Crystal Star
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Crystal Star

Crystal paperweight Star of Life

The Star of Life is the international symbol, found on all civil vehicles for medical first aid. It is a six-point blue cross, containing a rod with a snake wrapped around it, the so-called Aesculapian rod.
This symbol origins from Greek mythology: Asclepias (later the Romans re-named him Aesculapio), son of Apollo, was seen as a saint, for being a distributor of care. Belief has it that while sleeping in the temples dedicated to this god, they dreamed about him and received advise about the right cures for their diseases. Taken by madness and his feeling of absolute power, he is even reported to have bought the dead back to life; the goddess Ade complained about this to Jupiter, who therefore struck him down with one of her arrows. In the year 293 b.C. the Romans started to honour Aesculapio because they needed help against an epidemic.

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Generally he was represented in standing position, dressed in a long cloak, holding a rod with a snake. This is the origin of the symbol contained by the star of life.According to some, both the rod of Aesculapio and the caduceus staff of Hermes with two snakes, derive from an antique method for the extraction of subcutaneous tissue where female parasite worms Dracunculus medinensis were extracted from under the skin and rolled onto a stick. A long and delicate operation, only performed by highly expert medics. Every arm of the cross is dedicated to a determined meaning, which represents the various phases of medical service:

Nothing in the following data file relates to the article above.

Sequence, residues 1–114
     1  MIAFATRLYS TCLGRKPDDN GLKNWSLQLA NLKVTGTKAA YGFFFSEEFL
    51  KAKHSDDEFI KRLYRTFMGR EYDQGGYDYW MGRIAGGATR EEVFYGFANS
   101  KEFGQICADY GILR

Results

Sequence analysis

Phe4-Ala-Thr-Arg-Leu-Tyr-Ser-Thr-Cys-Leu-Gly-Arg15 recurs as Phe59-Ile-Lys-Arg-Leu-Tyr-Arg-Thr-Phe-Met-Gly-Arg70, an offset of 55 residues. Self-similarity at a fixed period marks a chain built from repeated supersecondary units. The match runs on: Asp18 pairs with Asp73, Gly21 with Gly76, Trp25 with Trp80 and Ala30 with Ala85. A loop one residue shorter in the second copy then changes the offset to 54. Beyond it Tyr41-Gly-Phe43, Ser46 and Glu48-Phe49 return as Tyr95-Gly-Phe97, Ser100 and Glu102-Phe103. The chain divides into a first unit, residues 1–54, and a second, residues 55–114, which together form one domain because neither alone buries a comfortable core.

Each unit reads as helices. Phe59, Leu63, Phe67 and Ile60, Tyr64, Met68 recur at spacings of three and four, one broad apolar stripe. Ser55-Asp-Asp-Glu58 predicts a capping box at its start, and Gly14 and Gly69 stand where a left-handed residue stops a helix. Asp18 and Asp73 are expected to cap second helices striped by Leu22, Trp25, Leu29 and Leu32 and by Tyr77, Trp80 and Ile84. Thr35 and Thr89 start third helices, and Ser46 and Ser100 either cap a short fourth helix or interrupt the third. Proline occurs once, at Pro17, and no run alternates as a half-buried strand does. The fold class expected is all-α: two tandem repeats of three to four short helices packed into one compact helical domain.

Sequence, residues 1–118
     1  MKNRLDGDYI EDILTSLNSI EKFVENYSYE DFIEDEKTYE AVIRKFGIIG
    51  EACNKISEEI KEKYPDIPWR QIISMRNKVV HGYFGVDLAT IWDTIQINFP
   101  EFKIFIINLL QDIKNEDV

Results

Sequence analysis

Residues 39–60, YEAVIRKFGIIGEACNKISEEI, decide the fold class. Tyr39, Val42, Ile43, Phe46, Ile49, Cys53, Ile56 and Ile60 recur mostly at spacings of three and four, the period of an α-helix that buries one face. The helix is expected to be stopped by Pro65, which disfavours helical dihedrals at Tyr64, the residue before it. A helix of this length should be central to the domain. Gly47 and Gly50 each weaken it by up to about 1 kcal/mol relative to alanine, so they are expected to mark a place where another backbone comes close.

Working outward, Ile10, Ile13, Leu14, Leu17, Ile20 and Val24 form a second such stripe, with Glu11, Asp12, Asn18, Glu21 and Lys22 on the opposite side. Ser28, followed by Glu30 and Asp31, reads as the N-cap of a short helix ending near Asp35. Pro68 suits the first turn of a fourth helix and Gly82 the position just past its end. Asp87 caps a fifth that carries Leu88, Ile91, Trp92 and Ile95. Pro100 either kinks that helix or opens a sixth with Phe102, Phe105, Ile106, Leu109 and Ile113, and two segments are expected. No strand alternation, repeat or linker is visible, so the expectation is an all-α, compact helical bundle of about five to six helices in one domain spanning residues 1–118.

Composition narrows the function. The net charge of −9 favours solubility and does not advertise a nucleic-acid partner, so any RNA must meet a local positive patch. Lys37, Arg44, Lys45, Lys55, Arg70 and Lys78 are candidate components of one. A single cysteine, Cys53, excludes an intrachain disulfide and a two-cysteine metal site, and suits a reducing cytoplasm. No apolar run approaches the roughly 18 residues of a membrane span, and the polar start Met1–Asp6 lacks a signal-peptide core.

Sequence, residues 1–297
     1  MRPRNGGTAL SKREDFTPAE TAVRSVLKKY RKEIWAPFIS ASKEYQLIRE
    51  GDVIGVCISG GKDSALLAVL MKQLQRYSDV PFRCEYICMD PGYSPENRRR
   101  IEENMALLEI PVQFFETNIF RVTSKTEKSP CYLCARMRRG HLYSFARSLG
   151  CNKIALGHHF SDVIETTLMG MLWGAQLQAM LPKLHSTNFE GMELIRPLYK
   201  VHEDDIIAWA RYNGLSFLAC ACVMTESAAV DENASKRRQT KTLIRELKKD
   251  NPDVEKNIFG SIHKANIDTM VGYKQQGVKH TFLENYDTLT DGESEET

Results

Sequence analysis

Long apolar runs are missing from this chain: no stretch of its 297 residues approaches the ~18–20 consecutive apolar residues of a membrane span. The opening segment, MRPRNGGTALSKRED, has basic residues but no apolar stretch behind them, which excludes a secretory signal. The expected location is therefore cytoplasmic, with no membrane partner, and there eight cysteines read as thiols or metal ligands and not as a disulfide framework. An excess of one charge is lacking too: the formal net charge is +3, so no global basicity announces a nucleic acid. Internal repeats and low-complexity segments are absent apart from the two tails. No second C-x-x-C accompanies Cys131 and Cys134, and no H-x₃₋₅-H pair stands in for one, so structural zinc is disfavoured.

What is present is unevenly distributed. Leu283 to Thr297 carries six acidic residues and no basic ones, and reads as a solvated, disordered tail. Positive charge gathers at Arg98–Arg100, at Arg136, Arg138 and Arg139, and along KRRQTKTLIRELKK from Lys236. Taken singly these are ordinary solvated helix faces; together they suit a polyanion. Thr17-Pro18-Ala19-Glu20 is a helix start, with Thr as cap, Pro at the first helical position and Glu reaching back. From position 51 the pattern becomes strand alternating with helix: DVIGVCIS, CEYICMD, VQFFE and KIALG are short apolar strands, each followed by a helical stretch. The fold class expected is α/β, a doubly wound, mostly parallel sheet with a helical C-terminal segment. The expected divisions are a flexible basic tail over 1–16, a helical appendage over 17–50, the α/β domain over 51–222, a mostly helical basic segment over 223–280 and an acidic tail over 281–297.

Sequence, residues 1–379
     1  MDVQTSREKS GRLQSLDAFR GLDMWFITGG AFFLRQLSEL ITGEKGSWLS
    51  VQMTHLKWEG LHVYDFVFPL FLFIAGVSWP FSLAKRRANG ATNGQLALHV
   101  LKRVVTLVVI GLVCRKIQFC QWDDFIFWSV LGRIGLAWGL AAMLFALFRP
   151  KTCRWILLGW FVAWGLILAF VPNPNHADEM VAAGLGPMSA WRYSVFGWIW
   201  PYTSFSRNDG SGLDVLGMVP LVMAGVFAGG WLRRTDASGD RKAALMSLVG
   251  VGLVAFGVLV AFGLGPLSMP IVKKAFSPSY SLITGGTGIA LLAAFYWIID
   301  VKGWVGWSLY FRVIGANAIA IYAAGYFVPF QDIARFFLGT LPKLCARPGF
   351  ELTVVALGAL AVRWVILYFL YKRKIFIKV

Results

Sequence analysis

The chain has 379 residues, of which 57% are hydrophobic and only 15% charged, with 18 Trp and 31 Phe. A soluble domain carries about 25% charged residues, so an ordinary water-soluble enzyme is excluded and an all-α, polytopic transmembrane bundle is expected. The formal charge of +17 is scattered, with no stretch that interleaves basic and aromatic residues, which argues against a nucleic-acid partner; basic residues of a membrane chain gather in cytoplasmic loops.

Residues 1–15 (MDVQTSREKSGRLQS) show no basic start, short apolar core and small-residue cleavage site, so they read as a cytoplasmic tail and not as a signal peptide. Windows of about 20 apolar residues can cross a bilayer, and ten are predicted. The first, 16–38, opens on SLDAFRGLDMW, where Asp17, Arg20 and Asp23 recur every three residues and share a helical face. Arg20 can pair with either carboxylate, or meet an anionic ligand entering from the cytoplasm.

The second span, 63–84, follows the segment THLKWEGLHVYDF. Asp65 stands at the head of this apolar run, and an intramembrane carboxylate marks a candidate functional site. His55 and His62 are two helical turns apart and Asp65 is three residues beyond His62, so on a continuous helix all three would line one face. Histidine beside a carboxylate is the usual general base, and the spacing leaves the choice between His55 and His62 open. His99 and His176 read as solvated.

• detection (emergency call)
  • response (vehicle)
  • reporting (arrival on spot)
  • on-scene care
  • care in transit
  • arrival of final care


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